‘Once it was clear that the ISIS fighter was beyond saving, the platoon’s medic… took over and began using the newly dead or nearly dead ISIS fighter as a training aid to practice performing medical procedures.’ 

The court records and defense motion did not detail how much, if any, pain medication was given to the fighter while the medical training was carried out. 

In unseen videos that emerged after his trial, Gallagher’s platoon SEALs chillingly described him as ‘freaking evil’, ‘toxic’ and trigger-happy. 

The SEALs were interviewed by naval criminal investigators before Gallagher was charged in September 2018 and the later acquitted.  

In addition to the video interviews, combat footage and text message exchanges between the SEALs were also released.

They were all part of the investigative files used in Gallagher’s 2019 court martial trial, which is essentially a military version of a civil trial. 

The trial attracted the attention of former President Donald Trump, who issued an executive fiat calling for Gallagher's rank to be reinstated. The former president is seen here with First Lady Melania talking to the Gallaghers at Mar A Lago

The trial attracted the attention of former President Donald Trump, who issued an executive fiat calling for Gallagher’s rank to be reinstated. The former president is seen here with First Lady Melania talking to the Gallaghers at Mar A Lago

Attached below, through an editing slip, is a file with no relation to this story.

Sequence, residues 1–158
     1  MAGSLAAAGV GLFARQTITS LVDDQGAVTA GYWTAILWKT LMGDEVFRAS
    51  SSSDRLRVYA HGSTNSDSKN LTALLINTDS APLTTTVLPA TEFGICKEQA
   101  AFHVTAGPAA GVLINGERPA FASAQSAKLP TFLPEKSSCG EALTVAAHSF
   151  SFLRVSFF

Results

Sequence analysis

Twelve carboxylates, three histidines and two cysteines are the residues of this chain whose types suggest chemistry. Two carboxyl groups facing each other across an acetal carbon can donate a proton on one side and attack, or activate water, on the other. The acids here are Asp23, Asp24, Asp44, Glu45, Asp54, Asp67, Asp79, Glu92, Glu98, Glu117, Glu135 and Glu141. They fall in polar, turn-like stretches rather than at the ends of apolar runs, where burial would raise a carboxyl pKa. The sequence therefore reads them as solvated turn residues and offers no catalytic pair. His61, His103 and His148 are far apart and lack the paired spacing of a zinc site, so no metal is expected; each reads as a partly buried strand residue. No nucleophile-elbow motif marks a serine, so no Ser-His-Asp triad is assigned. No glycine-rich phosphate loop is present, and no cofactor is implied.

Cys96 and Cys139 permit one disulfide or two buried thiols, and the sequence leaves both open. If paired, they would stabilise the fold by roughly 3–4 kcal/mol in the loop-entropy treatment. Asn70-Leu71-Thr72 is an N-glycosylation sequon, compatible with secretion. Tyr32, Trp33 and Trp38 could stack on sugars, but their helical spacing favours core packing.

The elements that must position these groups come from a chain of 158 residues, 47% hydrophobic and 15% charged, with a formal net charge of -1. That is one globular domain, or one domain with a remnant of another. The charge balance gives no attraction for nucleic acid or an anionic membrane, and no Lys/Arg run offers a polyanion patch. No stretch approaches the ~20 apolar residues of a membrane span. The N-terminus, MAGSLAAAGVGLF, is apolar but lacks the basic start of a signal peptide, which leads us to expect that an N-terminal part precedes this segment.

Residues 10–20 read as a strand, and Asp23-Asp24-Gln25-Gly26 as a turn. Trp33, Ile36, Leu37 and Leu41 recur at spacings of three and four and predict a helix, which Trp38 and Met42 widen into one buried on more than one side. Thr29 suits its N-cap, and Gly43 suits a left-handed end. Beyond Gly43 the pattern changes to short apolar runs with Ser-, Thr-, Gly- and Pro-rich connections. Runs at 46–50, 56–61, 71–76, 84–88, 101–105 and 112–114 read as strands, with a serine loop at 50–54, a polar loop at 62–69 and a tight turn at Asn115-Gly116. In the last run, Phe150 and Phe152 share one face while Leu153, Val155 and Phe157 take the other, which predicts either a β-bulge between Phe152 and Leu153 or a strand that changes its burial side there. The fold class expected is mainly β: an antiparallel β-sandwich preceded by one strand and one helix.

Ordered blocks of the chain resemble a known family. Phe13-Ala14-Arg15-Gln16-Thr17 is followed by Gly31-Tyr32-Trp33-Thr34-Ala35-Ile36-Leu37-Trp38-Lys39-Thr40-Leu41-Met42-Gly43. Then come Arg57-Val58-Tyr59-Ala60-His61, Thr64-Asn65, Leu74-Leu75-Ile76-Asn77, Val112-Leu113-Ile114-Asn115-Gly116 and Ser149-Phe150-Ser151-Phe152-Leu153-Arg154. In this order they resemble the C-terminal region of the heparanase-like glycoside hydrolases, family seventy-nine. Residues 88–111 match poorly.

Gallagher’s trial drew widespread controversy at the time after then-President Trump repeatedly intervened on his behalf and had him released from pretrial detention. 

Gallagher was demoted following the trial but was later allowed to keep his Trident Pin and retire a SEAL following Trump’s intervention.  

Trump took an interest in the case after Bernard Kerick, a former business partner to Trump’s personal lawyer Rudy Giuliani, became an advocate for the family and made appearances in conservative media.

He tweeted in support of Gallagher, praising his service to the country and saying the case was ‘handled very badly from the beginning’.

Shortly after the trial, Trump got involved again by ordering the Navy to withdraw commendations that prosecutors received for their work.

Trump then directed the Navy to restore Gallagher to his previous rank.

The then-President gave the direct order to allow Gallagher to retire without losing his SEAL status. 

Trump tweeted: ‘Eddie will retire peacefully with all of the honors that he has earned.’ 

‘There are no words to adequately express how grateful my family and I are to our president, Donald J. Trump, for his intervention and decision,’ Gallagher said in a statement following the former president’s reversal. 

‘We would also like to thank the American people for their unwavering support during this very difficult time for my family and I – we can never thank you enough.’